The adult confirmation class this time around has been reading a new book, published in February, which I heartily recommend for anyone. “Walk in Love: Episcopal Beliefs and Practices” (Forward Movement) by Scott Gunn and Melody Wilson Shobe is a fairly long paperback (over 300 pages), but a relatively quick read. It is the most thorough and yet accessible resource on Episcopal faith and practice that I know of. For our adult confirmands, I felt confident that, if they read the book cover to cover, they would gain a solid understanding of what it means to be an Episcopalian. I would strongly endorse the book both for those new to The Episcopal Church, and for those looking for a refresher. Many Episcopalians have a vague feeling that they don’t know as much as they wish they did about our faith tradition. This likely reflects the reality that many of us were confirmed as youth, and have perhaps not prioritized spiritual learning as adults. “Walk in Love” is an excellent way to get caught up on the essentials of The Episcopal Church. While it’s not exactly “beach reading,” I think most people will find it not only informative but enjoyable.
• I am thrilled that 18 people so far have signed up to learn how to pray Evening Prayer and lead it on weekdays at All Saints’. There are only two spots remaining. This is a core spiritual practice that, like a pattern of exercise, is going to transform the spiritual lives of the participants gradually, over time. Look for more news in the weeks to come about our new schedule of Evening Prayer.
April 26, 2018 The Resurrection Only Moves Forward
"If anyone is in Christ, there is a new creation; everything old has passed away; see, everything has become new." (2 Corinthians 5:17)
It was heartwarming to see, this past week, the outpouring of affection for the Bush family as our nation mourned Barbara Bush. Barbara Bush was admired by many, if not most people across the political spectrum. A devoted wife, mother, grandmother and great grandmother, she served as First Lady with humor and humility, and was a dedicated volunteer in the communities in which she lived. And she had a particular love for children. One of her most impactful and iconic moments was when she tenderly held a baby with AIDS in 1989, sending a powerful message of compassion at a time when AIDS was greatly feared and poorly understood by the public. A woman of strong and evident faith, Barbara Bush’s funeral was at Saint Martin’s Episcopal Church in Houston. The service showed our Episcopal tradition at its best, and as our liturgy does so well, struck a comforting balance between prayer and remembrance.
As many commentators have noted, some of the depth of our national mourning for Barbara Bush comes from our mourning for a more civil time in our national and political life that many fear is gone forever. We should not be naive: politics was tough in the 1980’s and 1990’s, and divisions deep. But it does feel as if that toughness has hardened in recent years, and the divisions deepened, inflamed by the toxic influence of social media. More and more, we see those with whom we disagree politically as enemies, not as friends and fellow citizens whom we respect but with whom we occasionally differ. Many people ask: can we just go back to the way things were twenty or thirty years ago? Of course, we can’t, and it probably wouldn’t be healthy even if we could. We can’t turn back the clock, and for all the things we lament about our current times, there is much that has improved. Overall, poverty, crime, and disease have decreased over the past decades, our understanding of difference has broadened, and technology (for all its ills) has opened up much new opportunity and progress.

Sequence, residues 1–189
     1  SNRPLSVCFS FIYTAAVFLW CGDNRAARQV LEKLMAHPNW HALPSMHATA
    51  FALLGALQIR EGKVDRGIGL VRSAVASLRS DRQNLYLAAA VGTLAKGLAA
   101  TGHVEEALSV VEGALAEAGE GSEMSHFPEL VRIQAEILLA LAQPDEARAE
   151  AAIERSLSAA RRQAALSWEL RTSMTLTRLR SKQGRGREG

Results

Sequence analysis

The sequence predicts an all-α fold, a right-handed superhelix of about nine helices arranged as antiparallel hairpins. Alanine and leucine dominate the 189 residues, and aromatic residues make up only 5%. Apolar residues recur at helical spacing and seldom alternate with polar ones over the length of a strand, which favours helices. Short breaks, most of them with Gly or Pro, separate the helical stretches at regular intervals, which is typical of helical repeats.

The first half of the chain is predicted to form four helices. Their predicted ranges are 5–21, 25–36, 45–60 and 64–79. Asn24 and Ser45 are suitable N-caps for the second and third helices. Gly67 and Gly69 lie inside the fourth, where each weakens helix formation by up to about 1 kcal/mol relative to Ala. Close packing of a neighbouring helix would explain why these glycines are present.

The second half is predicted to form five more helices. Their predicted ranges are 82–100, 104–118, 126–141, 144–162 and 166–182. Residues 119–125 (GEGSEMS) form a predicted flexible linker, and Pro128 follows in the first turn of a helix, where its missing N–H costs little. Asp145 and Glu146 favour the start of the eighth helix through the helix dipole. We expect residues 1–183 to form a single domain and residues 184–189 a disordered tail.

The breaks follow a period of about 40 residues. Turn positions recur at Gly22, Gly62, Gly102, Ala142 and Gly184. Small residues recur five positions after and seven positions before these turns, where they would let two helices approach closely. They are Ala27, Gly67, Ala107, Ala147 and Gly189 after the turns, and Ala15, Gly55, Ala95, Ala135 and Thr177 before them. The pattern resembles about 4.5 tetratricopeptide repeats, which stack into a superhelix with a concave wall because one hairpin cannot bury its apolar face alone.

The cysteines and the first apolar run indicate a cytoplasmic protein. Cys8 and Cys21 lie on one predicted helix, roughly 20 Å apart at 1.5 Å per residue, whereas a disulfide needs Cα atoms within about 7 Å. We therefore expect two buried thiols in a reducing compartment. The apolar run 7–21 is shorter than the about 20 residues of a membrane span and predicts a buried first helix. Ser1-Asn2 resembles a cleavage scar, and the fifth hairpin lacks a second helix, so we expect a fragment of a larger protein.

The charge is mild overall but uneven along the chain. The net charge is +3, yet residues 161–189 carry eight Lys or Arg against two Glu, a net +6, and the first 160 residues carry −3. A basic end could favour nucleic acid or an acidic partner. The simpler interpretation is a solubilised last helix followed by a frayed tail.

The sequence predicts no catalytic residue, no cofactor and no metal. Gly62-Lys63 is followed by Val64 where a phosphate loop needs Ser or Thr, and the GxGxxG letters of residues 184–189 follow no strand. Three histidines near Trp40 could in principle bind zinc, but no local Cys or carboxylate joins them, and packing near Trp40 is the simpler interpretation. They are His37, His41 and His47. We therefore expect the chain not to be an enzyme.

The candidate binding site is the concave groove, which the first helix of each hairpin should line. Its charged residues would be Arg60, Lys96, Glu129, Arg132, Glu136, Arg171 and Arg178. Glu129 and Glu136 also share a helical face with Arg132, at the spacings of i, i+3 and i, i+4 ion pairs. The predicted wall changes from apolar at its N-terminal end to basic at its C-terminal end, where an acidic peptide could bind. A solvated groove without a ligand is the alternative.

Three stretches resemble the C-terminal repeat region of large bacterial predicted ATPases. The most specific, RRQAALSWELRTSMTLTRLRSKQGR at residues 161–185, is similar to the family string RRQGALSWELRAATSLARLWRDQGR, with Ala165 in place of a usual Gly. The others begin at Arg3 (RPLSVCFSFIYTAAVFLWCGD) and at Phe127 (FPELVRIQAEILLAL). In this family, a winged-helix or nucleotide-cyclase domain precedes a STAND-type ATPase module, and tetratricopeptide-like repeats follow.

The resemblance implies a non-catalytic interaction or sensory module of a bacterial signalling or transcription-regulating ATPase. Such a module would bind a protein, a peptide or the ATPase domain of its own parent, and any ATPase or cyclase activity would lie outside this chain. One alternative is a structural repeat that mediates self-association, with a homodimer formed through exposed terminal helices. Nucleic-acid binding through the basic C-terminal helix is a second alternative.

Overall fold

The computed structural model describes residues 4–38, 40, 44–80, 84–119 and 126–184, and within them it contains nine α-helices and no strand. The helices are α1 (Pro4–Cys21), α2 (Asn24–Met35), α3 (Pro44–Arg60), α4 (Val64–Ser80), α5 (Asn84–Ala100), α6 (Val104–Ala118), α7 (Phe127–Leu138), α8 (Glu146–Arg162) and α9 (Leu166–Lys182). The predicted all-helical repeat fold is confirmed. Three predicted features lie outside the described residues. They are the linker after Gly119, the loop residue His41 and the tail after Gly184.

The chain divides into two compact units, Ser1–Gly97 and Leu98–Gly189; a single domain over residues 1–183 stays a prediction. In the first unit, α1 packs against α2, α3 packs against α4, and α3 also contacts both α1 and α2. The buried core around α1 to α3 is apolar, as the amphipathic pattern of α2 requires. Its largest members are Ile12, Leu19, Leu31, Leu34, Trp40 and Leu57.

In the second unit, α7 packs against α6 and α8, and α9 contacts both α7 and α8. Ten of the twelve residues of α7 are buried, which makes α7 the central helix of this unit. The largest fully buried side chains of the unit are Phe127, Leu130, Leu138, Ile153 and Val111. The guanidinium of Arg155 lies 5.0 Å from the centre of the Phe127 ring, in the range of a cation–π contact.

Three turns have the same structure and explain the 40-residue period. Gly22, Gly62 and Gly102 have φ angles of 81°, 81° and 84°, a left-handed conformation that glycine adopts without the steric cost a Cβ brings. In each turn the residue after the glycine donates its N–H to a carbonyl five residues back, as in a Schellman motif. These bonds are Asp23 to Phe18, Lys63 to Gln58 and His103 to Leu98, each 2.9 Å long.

Even when it comes to our political divisions, I find several reasons to be hopeful. First, groups of people tend to swing toward cultural and political tendencies and back like a pendulum. I wouldn’t be surprised to see a political trend, across party lines, towards more technocratic, solutions-oriented, common sense, centrist, and even rather bland leaders and approaches to issues. Second, I have confidence that communities like All Saints’, which foster friendships and conversations across differences, will be sought out by more and more people who seek the common good. And third, but most importantly, I have hope because I am a person of faith. The Easter story of resurrection is about something new being created out of something old: not returning to what was, but transforming into a different and better kind of reality. The resurrection isn’t resuscitation; it doesn’t go back, it only moves forward to what will be. And so, even in times of challenge, we believe that something new and potentially better may arise, by God’s grace.
As I write this on Thursday, many public school teachers are beginning a walkout, as they seek more funding for education in our state, which is ranked near the bottom nationally in this category. I have heard a variety of different perspectives from our All Saints’ membership on this topic, and we should all respond as our conscience and faith guide us, but I suspect most of us can agree on some central, nonpartisan points:
• we want our schools and teachers to have what they need in order to teach our children effectively.